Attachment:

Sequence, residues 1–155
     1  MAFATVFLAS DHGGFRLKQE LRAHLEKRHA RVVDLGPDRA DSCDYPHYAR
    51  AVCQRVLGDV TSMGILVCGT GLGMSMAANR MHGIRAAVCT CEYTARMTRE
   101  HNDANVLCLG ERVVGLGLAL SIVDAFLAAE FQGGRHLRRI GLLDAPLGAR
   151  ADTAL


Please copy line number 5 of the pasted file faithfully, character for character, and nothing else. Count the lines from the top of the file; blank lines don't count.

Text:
   151  ADTAL